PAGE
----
If you are a person who has a negative relationship with money if you think that money can only destroy a person’s character. If you struggle to meet the ends and always have less on your bank account than you should, this is a book for you. I was this person and still kind of are. I thought all of the above, was ruthless with spending, never saved for anything, investing wasn’t even in my vocabulary. Talking about a financial plan with me? I would have laughed you out.
There were some significant changes in my life and some significant shifts that triggered my interest in money and finance. After a recommendation from a friend (sari) to listen to an old episode of Tim Ferris, I gave it a go and bought this book. Not really knowing what it will do to me.
I can say now that I feel so much better having my finance all in order or better say, ready. I made a financial plan for this year, 5 years, and 25 years which I’m planning to follow and occasionally update to my current mindset and knowledge. Just to be sure here, the book won’t make you rich. The only thing that it will do is to give you advice to work with and ideas on how to look at your life from another perspective. If you are already good with money, I would still recommend reading it to get maybe something you missed or get some tips for negotiating, which is also very helpful outside finance.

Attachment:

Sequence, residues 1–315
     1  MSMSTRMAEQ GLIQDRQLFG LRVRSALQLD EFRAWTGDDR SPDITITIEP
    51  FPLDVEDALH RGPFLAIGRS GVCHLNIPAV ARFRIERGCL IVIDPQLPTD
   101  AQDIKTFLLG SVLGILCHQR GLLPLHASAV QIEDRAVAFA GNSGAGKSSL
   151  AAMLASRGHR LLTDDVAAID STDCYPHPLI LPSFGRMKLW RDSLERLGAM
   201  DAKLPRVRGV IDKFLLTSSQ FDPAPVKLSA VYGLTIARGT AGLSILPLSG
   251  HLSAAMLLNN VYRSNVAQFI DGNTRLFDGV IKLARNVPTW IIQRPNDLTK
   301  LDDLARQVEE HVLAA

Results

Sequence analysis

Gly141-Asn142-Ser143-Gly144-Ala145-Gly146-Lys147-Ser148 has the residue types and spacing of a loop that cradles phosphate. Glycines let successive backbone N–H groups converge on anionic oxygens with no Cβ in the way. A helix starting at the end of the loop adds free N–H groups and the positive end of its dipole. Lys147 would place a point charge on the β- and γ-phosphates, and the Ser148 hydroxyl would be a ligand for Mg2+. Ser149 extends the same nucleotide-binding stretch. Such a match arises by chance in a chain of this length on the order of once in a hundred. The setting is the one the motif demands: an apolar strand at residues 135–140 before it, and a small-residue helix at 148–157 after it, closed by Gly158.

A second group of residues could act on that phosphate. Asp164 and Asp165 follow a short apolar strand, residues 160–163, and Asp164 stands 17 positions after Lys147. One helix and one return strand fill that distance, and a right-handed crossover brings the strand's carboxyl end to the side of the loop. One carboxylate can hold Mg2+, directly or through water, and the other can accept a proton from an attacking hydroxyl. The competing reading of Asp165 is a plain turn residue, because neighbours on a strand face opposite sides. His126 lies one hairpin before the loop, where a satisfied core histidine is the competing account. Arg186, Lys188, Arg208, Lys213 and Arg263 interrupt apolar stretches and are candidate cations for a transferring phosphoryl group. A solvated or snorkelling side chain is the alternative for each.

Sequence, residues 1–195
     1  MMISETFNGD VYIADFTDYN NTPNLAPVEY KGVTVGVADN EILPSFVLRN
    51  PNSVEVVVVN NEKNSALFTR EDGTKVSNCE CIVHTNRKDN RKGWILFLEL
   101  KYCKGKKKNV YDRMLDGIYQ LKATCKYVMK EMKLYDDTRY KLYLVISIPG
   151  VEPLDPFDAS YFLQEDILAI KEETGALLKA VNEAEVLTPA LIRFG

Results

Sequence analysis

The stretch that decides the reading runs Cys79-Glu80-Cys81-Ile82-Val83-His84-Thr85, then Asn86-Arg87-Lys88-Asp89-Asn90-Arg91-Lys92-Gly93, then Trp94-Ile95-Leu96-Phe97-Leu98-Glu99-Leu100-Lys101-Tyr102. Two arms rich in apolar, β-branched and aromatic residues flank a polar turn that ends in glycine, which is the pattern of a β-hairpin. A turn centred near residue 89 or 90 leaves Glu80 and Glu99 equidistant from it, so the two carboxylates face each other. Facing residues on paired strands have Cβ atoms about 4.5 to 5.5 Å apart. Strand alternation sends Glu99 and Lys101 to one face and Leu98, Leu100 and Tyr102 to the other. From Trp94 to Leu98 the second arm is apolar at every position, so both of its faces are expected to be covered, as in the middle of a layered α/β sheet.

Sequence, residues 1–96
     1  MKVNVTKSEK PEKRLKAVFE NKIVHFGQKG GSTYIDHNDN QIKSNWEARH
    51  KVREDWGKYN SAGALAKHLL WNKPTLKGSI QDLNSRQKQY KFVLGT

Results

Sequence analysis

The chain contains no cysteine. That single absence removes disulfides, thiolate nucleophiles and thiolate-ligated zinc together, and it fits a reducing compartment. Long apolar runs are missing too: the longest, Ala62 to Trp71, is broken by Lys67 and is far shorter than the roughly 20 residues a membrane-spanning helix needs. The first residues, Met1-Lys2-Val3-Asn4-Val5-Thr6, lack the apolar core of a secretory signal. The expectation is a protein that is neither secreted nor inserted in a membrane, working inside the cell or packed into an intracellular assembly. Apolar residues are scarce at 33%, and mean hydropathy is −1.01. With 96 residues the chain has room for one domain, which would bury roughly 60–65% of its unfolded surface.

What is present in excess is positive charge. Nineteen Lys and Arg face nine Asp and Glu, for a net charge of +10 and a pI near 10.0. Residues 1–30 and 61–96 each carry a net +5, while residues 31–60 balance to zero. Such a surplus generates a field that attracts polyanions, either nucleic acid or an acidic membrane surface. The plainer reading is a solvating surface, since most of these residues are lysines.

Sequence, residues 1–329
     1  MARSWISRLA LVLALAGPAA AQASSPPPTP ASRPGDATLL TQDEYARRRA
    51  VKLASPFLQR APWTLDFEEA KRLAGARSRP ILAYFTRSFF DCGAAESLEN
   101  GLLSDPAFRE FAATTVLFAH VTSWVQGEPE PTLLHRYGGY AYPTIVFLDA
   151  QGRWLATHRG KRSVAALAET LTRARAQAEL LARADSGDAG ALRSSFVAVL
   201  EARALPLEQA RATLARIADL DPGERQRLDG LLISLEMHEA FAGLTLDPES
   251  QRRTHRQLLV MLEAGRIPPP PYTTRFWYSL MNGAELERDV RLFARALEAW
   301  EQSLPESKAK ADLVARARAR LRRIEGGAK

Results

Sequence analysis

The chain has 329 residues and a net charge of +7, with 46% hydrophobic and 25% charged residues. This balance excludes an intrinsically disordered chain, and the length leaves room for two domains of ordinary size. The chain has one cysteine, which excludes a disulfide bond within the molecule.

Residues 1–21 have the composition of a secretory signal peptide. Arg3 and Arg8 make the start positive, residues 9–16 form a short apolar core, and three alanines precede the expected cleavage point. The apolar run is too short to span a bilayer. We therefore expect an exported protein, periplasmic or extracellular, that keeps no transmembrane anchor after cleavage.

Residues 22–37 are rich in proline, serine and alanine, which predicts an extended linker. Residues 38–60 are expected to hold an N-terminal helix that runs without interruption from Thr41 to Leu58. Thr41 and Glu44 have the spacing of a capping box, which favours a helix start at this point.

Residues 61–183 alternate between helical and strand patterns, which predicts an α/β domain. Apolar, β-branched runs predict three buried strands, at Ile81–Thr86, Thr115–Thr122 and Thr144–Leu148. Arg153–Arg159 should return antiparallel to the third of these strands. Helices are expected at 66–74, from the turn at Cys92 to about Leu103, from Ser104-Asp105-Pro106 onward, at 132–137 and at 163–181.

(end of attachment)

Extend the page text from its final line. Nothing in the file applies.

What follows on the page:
Also, if you are not from the USA, you might need to translate some information or find equivalents in your country. Anyhow, I recommend this one along with the link to the podcast:
“Yes, the best time to start investing was ten years ago. The second best time is today.”
“In truth, being rich is within your control, not some expert’s. How rich you are depends on the amount you’re able to save and on your investment plan. Acknowledging this fact takes guts, because it means admitting that there’s no one else to blame if you’re not rich—no advisers, no complicated investment strategy, no “market conditions.” But it also means that you control exactly what happens to you and your money over the long term.”
“There’s a famous quote from self-development legend Jim Rohn, who says, “Don’t wish it was easier, wish you were better. Don’t wish for less problems, wish for more skills.” Don’t wish for someone to hold your hand like you’re a four-year-old skipping rope and chewing bubblegum. Wish to build discipline of long-term investing, like an adult.”
“One final thing: I hope this doesn’t sound too cheesy, but one of the best returns I’ve ever gotten has been with philanthropy. Whether it’s your time or your money, I can’t emphasize enough how important it is to give back, be it to your own community or to the global community.”